Financial markets are attempting to stabilise after the shock delivered from large parts of the global economy shutting down as policymakers struggled to prevent the spread of the Covid-19 pandemic.
While we still have little clarity on the path or duration of the virus or the subsequent economic impact, it is now possible to look at the range of likely outcomes and develop a plan; although flexibility will still be a key requirement.
I see a three-stage path to recovery for markets.
Firstly, they needed to come to terms with the prospect of a very abrupt, unexpected and deep recession and form a technical base.
Secondly, the markets need to calibrate the likely scale and duration of the loss of demand as consumption, investment and global trade collapse.
Thirdly, we also need to factor in the probable significant longer-term impact on global supply chains. For example, to what extent will this recession impair the productive potential of the global economy over the medium-term and will companies be forced to build greater resilience into their operations?
In my view, we are currently somewhere between the first and second phase of the recovery, thanks largely to the extraordinary policy stimulus seen in recent weeks.
Central banks and governments are doing everything within their power to counter the demand shock and to ensure that, once economies are finally reopened, the recession, while severe, will be relatively short-lived and the subsequent recovery strong.
The US Federal Reserve is leading the way with a huge $2.3trn package, which includes additional cheap loans to businesses and buying private debt including high yield bonds.
The Bank of England also announced that it is providing an unlimited overdraft facility to the UK government to finance its planned fiscal expansion.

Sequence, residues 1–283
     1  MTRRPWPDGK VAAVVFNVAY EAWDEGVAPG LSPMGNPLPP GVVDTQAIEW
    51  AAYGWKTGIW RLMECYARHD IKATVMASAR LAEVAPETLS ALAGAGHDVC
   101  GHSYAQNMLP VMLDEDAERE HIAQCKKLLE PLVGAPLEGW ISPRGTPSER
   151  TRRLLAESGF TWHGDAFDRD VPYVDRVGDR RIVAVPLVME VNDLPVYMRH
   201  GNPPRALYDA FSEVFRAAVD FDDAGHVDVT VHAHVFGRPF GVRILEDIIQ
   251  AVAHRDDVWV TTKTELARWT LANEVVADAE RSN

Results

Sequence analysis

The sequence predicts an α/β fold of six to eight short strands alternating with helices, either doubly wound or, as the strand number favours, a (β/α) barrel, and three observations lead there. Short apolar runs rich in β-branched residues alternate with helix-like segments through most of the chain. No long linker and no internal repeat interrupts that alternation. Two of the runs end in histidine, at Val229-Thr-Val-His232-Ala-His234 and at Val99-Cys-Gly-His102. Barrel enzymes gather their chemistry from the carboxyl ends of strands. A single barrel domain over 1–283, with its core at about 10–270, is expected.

This "shock and awe" response is unprecedented in the peacetime history of financial bailouts and economic rescues. In previous recessions or financial crises, policymakers usually reacted slowly and carefully, trying to avoid political backlash or "moral hazards".
Authorities today are under no moral, political or even legal constraints to bail out the economy and financial markets, partly because this particular crisis is more like a "global natural disaster", which requires a major relief programme.
They will continue to "do whatever it takes" to preserve the integrity of the financial and banking systems, which will clearly speed and aid the ensuing economic recovery.
It is true that these policies won't influence when economies can be reopened, nor can they guarantee that the demand collapse is reversed any time soon. Neither will they necessarily address any longer-term supply side issues.
However, the speed and magnitude of the monetary and fiscal response will most likely more than offset any direct GDP losses as a result of the shutdown and will help limit any financial instability.
Naturally, there will be vulnerable and lower quality borrowers that will fail, leading to a rise in corporate bankruptcies and unemployment but many more businesses and jobs will be saved or will start from fresh.